Nonfiction

American prison : a reporter's undercover journey into the business of punishment book cover

American prison : a reporter's undercover journey into the business of punishment

Shane Bauer

365.973 /Bauer
Nonfiction

"A ground-breaking and brave inside reckoning with the nexus of prison and profit in America: in one Louisiana prison and over the course of our country's history. IIn 2014, Shane Bauer was hired for $9 an hour to work as an entry-level prison guard at a private prison in Winnfield, Louisiana. An award-winning investigative journalist, he used his real name; there was no meaningful background check. Four months later, his employment came to an abrupt end. But he had seen enough, and in short order he wrote an expose about his experiences that won a National Magazine Award and became the most-read feature in the history of the magazine Mother Jones. Still, there was much more that he needed to say. In American Prison, Bauer weaves a much deeper reckoning with his experiences together with a thoroughly researched history of for-profit prisons in America from their origins in the decades before the Civil War. For, as he soon realized, we can't understand the cruelty of our current system and its place in the larger story of mass incarceration without understanding where it came from. Private prisons became entrenched in the South as part of a systemic effort to keep the African-American labor force in place in the aftermath of slavery, and the echoes of these shameful origins are with us still"--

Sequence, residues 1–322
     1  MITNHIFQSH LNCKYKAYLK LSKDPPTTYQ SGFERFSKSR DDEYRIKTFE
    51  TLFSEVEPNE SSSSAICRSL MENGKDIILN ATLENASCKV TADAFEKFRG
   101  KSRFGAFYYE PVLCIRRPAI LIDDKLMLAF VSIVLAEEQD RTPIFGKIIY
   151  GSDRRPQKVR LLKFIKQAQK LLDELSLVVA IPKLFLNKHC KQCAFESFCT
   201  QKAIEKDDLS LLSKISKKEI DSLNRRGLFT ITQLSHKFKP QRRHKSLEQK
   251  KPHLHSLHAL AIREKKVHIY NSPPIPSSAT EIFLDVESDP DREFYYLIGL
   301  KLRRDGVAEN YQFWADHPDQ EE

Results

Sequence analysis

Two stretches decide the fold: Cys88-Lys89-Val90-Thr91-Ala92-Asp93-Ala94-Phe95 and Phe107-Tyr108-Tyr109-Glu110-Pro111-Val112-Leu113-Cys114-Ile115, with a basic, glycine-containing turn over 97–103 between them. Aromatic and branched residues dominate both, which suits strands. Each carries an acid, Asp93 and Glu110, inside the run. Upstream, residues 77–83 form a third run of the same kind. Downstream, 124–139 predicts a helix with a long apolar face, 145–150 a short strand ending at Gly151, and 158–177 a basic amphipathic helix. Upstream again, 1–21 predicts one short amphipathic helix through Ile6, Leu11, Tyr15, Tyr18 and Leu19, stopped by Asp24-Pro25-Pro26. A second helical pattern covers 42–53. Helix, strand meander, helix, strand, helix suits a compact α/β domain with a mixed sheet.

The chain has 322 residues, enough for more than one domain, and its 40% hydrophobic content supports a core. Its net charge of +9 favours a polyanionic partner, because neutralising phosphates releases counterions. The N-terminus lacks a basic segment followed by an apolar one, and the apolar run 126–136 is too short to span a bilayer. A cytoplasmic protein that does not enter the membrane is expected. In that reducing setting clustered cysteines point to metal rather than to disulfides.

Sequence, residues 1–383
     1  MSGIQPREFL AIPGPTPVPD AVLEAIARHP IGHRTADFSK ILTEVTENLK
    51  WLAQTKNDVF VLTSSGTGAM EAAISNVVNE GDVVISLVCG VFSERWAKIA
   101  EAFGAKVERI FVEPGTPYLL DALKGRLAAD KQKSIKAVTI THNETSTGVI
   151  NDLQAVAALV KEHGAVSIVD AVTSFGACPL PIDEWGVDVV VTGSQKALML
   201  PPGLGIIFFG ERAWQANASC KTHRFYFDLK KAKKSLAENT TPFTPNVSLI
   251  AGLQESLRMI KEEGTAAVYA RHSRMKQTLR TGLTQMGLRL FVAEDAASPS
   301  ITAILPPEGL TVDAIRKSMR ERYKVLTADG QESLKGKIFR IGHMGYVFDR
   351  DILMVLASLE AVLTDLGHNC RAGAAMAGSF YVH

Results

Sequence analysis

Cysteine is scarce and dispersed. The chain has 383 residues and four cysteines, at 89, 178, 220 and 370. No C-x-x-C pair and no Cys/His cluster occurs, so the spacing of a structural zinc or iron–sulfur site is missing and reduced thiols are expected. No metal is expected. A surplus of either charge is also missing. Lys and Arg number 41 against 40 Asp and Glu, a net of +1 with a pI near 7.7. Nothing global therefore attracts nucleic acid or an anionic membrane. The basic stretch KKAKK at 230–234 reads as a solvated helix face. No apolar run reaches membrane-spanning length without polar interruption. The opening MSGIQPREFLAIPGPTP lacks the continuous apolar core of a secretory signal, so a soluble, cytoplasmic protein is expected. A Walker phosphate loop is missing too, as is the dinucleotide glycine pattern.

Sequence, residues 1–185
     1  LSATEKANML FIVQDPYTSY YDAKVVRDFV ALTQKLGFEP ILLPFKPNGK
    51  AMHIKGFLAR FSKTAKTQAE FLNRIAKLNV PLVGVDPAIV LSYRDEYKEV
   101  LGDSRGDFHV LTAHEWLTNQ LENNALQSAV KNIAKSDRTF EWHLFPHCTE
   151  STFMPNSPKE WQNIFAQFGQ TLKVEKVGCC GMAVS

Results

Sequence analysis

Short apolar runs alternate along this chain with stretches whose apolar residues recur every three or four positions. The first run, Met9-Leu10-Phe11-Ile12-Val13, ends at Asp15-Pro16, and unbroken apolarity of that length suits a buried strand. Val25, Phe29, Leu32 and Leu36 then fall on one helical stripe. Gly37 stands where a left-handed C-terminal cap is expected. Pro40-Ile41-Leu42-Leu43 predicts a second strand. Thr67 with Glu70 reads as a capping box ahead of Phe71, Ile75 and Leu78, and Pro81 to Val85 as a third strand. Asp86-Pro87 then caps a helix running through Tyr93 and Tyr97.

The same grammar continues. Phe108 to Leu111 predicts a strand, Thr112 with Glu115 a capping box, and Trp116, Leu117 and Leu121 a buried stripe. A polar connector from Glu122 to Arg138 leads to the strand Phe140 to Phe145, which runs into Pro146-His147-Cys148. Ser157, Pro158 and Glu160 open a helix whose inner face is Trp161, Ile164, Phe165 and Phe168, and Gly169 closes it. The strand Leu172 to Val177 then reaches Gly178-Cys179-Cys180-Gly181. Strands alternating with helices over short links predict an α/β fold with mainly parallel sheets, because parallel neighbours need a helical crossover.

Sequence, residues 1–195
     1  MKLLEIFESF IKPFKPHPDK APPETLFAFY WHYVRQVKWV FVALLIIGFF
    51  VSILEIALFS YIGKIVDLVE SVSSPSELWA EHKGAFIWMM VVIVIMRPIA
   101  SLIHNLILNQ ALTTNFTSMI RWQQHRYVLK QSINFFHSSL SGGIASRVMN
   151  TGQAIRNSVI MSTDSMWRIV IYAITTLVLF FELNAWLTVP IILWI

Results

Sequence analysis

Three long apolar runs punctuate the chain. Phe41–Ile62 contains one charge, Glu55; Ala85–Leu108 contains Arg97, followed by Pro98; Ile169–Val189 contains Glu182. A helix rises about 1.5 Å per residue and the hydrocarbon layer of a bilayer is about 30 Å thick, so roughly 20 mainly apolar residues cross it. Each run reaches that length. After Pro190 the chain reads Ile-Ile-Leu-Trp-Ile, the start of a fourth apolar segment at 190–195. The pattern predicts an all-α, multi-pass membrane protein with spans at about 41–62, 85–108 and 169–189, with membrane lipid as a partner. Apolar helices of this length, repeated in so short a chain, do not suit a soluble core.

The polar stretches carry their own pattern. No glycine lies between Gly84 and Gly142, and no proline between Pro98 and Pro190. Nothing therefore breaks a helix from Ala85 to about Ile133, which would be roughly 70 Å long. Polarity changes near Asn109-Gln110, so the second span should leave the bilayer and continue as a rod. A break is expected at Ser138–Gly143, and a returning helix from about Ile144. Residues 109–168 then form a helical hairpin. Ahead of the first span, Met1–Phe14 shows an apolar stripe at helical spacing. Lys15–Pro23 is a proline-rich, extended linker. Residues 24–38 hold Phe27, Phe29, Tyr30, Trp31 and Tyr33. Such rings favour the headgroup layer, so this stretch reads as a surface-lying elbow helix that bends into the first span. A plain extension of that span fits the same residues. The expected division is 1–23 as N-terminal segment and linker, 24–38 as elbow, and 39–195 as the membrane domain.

Meredith's picture

Reporter Shane Bauer wrote this book after going undercover as a corrections officer within a Louisiana prison. Included with his experience is the history and development of the country's penal system. It was clearly wrong from the beginning and it hasn't improved with time; capitalism at its best means the worst for humanity. This isn't an easy book to read, but it's a subject that shouldn't be ignored. Breaking the law has consequences, but we rarely know how extreme those consequences are behind bars. -Meredith

Indecency book cover

Indecency

Justin Phillip Reed

811.6 /Reed
Nonfiction, Poetry